The former wine director at Napa Valley’s gourmet purveyor Dean & DeLuca (now Gary’s Wine & Marketplace), Kerrin Laz today oversees her own eponymous tasting room in Yountville where she offers by-appointment-only, customized, private wine tastings for discriminating wine enthusiasts. She also recently partnered with the new Four Seasons Private Residences at 706 Mission in San Francisco to offer a curated wine tasting program for residents.
Considered a California wine authority and courted by every new winery hoping to make an impact in the industry, Laz recently added “vintner” to her resume when she released the inaugural vintage of LAZ Wine, served at some of Napa Valley’s most revered restaurants. But despite her varied wine industry successes, Laz is most proud of her work with the Alzheimer’s Association. In honor of her mother, she founded Inspire Napa Valley, utilizing her vast network to raise more than $2 million to date.
When did you first become interested in the wine industry?
When I was in college there was a great James Beard nominated restaurant called Crook’s Corner known for its new southern cuisine, specifically their Shrimp & Grits. I started working there for Sunday brunch, mostly so I could partake in the family meal and get the chance to try everything on their menu. Thus began my love for food and then wine.
How did you know it was time to leave Dean & DeLuca to start your own tasting room?
I was at Dean & DeLuca starting in 2003, first at the Washington, D.C., location, and owner Leslie Rudd became an incredible mentor, ally, and friend. When he decided to sell D&D, we met for a great dinner at his Napa restaurant, Press, and between our laughter and tears, he told me that if ever there was a time to start my own company, it was now. He told me that my wine knowledge had grown beyond Dean & DeLuca and that I no longer needed the brand to help my career. He said that I would be even more successful on my own. I took his advice, and haven’t looked back.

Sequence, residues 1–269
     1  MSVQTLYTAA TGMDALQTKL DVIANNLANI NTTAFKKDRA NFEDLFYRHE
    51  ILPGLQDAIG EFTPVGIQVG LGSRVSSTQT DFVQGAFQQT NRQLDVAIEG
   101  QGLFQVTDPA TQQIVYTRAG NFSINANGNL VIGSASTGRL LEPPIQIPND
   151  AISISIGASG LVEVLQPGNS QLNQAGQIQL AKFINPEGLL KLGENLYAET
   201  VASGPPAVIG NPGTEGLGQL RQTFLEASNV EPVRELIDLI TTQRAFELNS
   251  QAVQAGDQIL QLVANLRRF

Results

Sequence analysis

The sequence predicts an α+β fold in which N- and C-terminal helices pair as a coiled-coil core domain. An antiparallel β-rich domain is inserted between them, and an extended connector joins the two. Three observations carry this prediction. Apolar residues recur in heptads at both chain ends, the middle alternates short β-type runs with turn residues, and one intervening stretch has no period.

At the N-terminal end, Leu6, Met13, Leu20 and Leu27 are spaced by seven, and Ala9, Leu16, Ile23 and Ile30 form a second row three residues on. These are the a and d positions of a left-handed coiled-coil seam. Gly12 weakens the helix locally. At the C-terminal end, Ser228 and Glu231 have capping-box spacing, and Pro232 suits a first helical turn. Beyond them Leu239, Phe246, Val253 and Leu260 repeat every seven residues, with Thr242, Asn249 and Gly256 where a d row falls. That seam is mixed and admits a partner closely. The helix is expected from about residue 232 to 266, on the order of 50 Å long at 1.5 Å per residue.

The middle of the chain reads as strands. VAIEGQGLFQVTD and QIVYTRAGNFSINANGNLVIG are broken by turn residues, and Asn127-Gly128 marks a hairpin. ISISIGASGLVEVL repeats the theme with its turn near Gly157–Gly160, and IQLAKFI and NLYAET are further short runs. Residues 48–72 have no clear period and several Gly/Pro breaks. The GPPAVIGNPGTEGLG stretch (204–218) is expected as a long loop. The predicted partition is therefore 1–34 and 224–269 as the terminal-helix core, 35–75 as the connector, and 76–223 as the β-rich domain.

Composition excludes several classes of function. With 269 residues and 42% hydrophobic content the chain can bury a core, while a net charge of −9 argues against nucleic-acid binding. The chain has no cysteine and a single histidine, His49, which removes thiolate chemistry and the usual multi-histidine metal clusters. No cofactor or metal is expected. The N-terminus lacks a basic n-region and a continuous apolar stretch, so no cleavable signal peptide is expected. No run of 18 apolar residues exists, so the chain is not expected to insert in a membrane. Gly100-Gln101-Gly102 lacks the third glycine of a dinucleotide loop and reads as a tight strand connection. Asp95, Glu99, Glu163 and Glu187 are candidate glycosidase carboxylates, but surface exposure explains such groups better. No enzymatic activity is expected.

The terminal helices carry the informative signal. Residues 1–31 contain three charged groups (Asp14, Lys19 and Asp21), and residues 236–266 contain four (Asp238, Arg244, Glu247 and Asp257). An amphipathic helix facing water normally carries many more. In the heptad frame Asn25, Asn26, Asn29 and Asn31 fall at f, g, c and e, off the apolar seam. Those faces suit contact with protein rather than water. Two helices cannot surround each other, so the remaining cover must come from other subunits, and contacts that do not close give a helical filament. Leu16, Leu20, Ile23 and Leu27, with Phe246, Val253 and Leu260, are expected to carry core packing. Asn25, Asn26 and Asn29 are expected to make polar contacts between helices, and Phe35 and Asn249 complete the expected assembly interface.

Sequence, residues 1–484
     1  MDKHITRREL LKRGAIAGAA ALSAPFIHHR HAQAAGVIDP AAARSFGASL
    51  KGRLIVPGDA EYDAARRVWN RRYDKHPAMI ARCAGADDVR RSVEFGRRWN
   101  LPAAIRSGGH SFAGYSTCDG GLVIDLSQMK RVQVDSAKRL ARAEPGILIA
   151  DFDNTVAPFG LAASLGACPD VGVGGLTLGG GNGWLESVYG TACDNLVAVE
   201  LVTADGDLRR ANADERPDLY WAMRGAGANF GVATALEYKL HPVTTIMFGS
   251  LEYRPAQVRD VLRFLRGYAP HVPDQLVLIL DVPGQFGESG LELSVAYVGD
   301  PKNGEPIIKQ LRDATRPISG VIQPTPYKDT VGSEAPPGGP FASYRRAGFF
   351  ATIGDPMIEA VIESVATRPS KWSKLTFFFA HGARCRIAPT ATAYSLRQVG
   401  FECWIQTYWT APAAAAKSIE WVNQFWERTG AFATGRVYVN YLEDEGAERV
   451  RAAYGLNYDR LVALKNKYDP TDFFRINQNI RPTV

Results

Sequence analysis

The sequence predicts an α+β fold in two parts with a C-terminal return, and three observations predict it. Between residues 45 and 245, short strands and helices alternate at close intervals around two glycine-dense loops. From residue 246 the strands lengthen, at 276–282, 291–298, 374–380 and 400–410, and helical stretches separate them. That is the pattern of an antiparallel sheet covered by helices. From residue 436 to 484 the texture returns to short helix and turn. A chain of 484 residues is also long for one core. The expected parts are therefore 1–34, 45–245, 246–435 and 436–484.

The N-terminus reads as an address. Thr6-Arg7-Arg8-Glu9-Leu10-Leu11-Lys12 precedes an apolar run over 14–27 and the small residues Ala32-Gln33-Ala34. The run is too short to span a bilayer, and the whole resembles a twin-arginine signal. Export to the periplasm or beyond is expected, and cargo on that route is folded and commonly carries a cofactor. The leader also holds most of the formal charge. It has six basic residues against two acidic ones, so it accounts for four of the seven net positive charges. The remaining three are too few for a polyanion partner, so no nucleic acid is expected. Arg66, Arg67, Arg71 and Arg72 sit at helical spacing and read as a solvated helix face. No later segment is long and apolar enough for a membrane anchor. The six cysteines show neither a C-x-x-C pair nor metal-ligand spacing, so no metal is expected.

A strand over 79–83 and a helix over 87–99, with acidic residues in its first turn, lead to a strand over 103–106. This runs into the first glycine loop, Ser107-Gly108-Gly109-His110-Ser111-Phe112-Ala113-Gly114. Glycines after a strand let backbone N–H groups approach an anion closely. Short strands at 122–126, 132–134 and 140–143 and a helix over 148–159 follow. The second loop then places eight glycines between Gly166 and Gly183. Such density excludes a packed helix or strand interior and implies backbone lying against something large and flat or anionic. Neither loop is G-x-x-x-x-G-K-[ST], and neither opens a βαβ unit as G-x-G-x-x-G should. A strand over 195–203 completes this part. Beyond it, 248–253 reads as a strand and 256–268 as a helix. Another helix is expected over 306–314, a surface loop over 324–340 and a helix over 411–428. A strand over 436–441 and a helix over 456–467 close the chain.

Describe a K. Laz wine tasting experience.
Everything we do is customized. Our tastings are private and each is personalized according to the groups’ likes in terms of varietals and price. We ask guests on which winery mailing lists they are active, and what wineries they’ll be visiting to give us insight into style preferences. We’ve hosted more than 500 tastings and we haven’t offered the same tasting twice. We also have a more macro-level approach on wine. While it’s important to know what you’re tasting, even more important and interesting is the story and people behind the wine and what was happening during a particular vintage. We talk about the importance of farming and the differences and benefits of estate grown grapes versus those sourced from grower vineyards. We discuss my theory on old guard and new guard “cult” wines. We keep it interesting while also acknowledging that guests are here to have a good time, taste great wine, and enjoy their trip to Napa wine country.
You also curate wine collections for some of the country’s biggest names. How have you gained the trust of these connoisseurs? If someone tells me a wine or two that they like, it is easy to discern their palate and what they might enjoy. When we build a wine cellar for a client, we know exactly what wines will be in their wheelhouse. We also value our relationships with our clients the way we do with our winery partners. We don’t talk about pricing or allocations or who does what with us. As I always say, we keep all of that information in the vault. The wine community is very giving, so I took a chance that there was room for one more worthy cause.
The wine community is very giving, so I took a chance that there was room for one more worthy cause.
You started a successful fundraiser to increase awareness of Alzheimer’s.
We raised more than $1 million—my goal—at our inaugural event. In the first two years, we raised more than $2.3 million. Because our annual event is in May, this year’s third annual Inspire Napa Valley had to be rescheduled for May 2021. Needless to say, all the guests, winery partners, and team are really looking forward to what will be an even bigger success next year.
What was your motivation?
My mom was diagnosed with early onset Alzheimer’s in 2014. I’d thought of Alzheimer’s as an elderly person’s disease, but my mom was in her early 60’s. I figured I could be sad and feel helpless, or I could take that sadness and turn it into something positive as a way of dealing with the grief. When diagnosed, my mom was embarrassed and ashamed and I hated that, so I sought to raise awareness. The wine community is very giving, so I took a chance that there was room for one more worthy cause.